International Liver Congress
International Liver Congress
April 21, 2017
1 min read

One-third of UK adolescents with HCV developed serious liver disease

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AMSTERDAM — Approximately one-third of children under 18 years in the United Kingdom with hepatitis C developed serious long-term liver disease, according to data presented at the International Liver Congress.

“Detection of HCV should be aimed at relevant risk groups, particularly young intravenous drug abusers,” Line Modin, MD, PhD, said in a press release.

Researchers gathered data from 1,080 patients with hepatitis C between July 2012 and October 2016. Genotypes recorded in the cohort included genotype 1 (n = 533), genotype 2 (n = 51), genotype 3 (n = 335), genotype 4 (n = 27) and one patient with mixed genotype.

The modes of infection included IV drug abuse (n = 567), blood products (n = 252), perinatal exposure (n = 123) and other risk factors (n = 138).

Liver disease was found in 361 patients, including cirrhosis (n = 274) and hepatocellular carcinoma (n = 55). Forty-eight patients underwent liver transplantation and 17 of these patients had HCC.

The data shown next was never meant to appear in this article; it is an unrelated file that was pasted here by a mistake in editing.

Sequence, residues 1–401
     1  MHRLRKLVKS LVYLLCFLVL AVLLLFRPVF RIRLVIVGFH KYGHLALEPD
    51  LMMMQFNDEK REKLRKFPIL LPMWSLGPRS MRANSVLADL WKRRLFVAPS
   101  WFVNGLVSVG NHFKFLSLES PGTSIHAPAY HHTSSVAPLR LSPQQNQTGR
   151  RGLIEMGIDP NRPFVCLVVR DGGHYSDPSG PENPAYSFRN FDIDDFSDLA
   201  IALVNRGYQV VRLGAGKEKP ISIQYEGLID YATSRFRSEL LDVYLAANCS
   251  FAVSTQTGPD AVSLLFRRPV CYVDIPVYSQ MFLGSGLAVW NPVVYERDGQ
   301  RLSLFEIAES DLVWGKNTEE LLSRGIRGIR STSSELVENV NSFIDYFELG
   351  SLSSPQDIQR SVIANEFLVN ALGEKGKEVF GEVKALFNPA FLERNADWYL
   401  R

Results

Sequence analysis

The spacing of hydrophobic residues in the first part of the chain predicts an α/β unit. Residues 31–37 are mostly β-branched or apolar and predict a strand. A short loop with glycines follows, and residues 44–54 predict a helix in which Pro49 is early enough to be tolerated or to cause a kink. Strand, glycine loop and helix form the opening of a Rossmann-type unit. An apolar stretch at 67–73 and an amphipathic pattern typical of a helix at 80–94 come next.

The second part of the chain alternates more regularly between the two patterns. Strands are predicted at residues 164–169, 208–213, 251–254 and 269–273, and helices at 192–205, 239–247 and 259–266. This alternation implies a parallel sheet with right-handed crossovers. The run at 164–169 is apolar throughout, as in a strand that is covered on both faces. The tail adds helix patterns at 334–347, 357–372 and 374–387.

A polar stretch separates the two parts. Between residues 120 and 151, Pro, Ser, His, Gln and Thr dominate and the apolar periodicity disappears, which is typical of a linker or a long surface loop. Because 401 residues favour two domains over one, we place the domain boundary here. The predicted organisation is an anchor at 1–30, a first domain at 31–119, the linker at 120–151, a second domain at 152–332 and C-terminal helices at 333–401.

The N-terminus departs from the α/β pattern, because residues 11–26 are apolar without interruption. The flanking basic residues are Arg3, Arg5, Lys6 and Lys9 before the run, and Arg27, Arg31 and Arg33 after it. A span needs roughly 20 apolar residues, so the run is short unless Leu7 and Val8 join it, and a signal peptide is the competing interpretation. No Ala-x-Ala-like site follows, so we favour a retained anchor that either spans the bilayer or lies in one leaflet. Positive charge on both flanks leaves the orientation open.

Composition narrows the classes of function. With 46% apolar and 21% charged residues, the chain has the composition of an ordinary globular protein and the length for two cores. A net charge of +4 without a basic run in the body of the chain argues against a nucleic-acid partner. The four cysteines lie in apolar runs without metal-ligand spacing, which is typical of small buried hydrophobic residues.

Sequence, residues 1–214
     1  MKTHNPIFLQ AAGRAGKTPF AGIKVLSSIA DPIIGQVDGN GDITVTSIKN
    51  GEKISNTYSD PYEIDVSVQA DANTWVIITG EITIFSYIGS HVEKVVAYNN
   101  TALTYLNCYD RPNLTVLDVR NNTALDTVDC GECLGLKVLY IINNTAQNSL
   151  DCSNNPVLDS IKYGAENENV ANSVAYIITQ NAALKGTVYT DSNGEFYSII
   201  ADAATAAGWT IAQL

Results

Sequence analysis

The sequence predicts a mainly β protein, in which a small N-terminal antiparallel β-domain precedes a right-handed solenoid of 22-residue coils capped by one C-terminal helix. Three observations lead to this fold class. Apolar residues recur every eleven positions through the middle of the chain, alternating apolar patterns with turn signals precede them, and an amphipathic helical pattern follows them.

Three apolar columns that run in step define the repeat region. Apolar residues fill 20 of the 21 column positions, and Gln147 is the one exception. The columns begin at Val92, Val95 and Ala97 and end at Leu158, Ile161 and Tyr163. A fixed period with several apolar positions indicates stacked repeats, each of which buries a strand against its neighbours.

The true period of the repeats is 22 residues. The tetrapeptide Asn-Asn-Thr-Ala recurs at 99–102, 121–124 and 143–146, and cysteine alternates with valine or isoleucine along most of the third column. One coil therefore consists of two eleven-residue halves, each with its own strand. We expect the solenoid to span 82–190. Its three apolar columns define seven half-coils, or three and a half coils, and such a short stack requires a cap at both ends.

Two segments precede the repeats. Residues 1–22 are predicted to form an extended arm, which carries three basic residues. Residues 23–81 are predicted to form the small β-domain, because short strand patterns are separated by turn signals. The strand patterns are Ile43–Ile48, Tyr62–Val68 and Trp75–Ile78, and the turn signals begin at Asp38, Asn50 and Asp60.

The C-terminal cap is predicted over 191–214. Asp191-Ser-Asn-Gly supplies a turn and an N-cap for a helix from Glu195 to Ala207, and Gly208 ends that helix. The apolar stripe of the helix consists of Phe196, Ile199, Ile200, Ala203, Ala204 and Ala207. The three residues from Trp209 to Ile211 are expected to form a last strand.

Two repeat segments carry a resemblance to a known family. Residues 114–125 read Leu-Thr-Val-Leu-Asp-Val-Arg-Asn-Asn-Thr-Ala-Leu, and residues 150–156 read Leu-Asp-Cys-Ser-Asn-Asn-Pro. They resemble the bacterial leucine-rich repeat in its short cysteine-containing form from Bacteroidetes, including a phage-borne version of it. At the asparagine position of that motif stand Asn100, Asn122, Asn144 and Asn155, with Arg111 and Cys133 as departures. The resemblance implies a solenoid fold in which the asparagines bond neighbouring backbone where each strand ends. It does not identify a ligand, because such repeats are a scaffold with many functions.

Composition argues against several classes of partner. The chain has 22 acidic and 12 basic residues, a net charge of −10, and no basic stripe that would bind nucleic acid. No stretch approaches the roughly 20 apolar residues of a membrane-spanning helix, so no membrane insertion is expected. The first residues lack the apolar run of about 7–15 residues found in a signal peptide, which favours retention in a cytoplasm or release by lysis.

Patients with perinatal exposure developed cirrhosis at an earlier age (median 36 years; range, 17-53 years) compared with patients whose infection was from injection drugs (median 48.5 years; range, 33-68 years), blood products (median 45.5 years; range, 23-61 years) or other risk factors (median 51.5 years; range, 12.65 years).

However, fewer patients with perinatal exposure developed cirrhosis (8.1%) compared with patients whose infection was from injection drugs (36%), blood products (32.1%) or other risk factors (30%). This may be related to time, according to the researchers, as most patients with perinatal exposure were younger than 33 years at the time of analysis, whereas most patients with cirrhosis in the other groups were over 33 years.

“This study from the U.K. suggests that many children infected perinatally may develop cirrhosis at a young age, if left untreated,” Francesco Negro, MD, from the University Hospital of Geneva and EASL governing board member, said in a press release. “Safe and efficacious direct-acting antiviral treatment should be made available to children, to prevent liver disease progression and viral spread at a later age.” – by Talitha Bennett


Modin L, et al. Abstract #LBP-525. Presented at: International Liver Congress; April 19-24, 2017; Amsterdam.

Disclosure: The researchers report no relevant financial disclosures.